- Museum number
- Object: The Rudge Cup replica
Electrotype (uncoloured) of the Rudge Cup.
Diameter: 90 millimetres
- Curator's comments
- This is an electrotype copy of a small bronze bowl found in 1725 in a well on the site of a Roman villa. The bowl was probably made as a souvenir. It shows a schematized drawing of Hadrian's Wall originally picked out in coloured enamels.
The Wall, built by Emperor Hadrian (reigned AD 117-138), was a continuous defensive barrier that guarded the north-western frontier of the province from barbarian invaders. It extended from coast to coast, running for 118 kilometres (73 miles) from Segedunum (Wallsend) on the River Tyne in the east, to Bowness on the Solway Firth in the west.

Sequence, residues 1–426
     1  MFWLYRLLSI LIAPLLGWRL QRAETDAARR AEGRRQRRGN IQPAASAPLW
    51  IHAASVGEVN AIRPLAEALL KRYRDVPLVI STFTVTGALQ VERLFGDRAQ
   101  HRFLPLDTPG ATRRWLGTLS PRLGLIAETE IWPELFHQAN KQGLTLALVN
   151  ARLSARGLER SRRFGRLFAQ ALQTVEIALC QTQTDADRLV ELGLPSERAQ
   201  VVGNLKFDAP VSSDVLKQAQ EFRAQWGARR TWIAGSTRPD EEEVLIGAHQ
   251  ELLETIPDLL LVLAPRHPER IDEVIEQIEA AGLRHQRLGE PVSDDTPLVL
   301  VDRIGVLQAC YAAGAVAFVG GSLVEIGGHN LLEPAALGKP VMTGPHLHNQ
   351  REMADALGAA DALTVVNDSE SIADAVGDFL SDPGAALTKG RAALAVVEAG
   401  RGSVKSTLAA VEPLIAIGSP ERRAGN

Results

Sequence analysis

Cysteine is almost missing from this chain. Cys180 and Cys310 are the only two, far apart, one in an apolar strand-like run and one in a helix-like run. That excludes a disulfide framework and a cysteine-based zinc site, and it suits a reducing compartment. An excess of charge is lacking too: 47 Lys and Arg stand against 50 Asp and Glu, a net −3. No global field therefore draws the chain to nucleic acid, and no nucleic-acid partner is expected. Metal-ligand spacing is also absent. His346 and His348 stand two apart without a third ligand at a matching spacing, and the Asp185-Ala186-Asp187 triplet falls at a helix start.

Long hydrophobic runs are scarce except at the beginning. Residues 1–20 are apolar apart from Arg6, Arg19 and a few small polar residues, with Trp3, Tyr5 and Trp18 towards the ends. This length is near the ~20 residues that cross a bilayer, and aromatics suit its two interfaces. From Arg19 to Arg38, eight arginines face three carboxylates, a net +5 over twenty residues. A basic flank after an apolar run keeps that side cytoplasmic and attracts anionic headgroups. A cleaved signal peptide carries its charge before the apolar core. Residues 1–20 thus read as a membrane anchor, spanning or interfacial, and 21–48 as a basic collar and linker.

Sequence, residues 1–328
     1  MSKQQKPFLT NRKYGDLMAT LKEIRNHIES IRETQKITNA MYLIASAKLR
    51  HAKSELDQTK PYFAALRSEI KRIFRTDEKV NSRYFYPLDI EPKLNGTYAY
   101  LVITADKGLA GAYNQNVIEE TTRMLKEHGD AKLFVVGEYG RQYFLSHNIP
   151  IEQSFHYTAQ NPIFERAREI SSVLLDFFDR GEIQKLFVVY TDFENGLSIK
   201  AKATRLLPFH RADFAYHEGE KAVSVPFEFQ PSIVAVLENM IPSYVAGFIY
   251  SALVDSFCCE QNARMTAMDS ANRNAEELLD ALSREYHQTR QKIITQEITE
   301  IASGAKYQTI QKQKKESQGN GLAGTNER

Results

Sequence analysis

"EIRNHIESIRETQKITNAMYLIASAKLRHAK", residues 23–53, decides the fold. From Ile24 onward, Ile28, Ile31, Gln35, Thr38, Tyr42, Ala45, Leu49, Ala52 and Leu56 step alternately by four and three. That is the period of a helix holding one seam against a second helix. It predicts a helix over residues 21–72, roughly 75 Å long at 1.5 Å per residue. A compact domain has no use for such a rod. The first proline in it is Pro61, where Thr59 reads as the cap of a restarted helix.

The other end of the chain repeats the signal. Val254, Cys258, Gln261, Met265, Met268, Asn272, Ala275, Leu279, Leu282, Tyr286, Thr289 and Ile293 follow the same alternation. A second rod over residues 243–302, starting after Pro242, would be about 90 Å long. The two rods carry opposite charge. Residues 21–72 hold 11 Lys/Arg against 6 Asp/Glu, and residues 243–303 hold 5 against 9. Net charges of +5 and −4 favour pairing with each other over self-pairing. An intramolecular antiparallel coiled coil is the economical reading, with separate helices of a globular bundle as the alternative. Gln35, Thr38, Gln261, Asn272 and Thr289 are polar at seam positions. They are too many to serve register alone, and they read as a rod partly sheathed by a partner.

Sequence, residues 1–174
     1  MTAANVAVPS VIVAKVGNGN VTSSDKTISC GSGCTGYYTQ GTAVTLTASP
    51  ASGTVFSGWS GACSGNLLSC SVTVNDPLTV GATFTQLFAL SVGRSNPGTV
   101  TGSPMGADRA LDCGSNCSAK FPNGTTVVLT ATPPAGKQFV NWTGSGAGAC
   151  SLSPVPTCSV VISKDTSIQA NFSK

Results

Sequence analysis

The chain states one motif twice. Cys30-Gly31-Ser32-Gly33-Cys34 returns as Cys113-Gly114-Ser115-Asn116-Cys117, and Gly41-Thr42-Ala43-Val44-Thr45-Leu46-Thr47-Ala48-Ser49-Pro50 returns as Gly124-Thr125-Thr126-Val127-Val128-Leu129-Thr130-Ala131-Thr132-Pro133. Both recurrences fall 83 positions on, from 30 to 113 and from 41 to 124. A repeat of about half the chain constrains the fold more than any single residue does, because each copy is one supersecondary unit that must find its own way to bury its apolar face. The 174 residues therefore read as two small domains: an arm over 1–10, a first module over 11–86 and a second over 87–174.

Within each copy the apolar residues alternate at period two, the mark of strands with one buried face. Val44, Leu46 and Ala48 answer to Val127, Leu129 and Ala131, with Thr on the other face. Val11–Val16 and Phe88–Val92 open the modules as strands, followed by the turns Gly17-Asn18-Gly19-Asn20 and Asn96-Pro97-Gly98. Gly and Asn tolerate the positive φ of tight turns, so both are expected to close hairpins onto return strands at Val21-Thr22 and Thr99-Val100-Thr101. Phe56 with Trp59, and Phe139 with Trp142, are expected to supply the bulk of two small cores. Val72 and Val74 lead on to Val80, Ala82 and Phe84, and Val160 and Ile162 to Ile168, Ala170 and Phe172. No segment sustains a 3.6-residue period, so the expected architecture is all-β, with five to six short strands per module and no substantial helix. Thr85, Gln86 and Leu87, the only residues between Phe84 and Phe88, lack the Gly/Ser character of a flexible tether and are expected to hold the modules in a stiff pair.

Above the drawing are the names of five forts at the western end of the Wall: MAIS (Bowness-on-Solway), ABALLAVA (Burgh-by-Sands), VXELODUM (Stanwix), CAMBOGLANS (Castlesteads), BANNA (Birdoswald).
- On display (G49/dc9)
- Exhibition history
1993 18 Jun-26 Sep, France, Quimper, Abbaye de Daoloas, Rome face aux Barbes
- Acquisition notes
- Original discovered in or after 1725, now in Alnwick Castle and the property of the Duke of Northumberland
- Britain, Europe and Prehistory
- Registration number
- Additional IDs
Miscellaneous number: CRM.497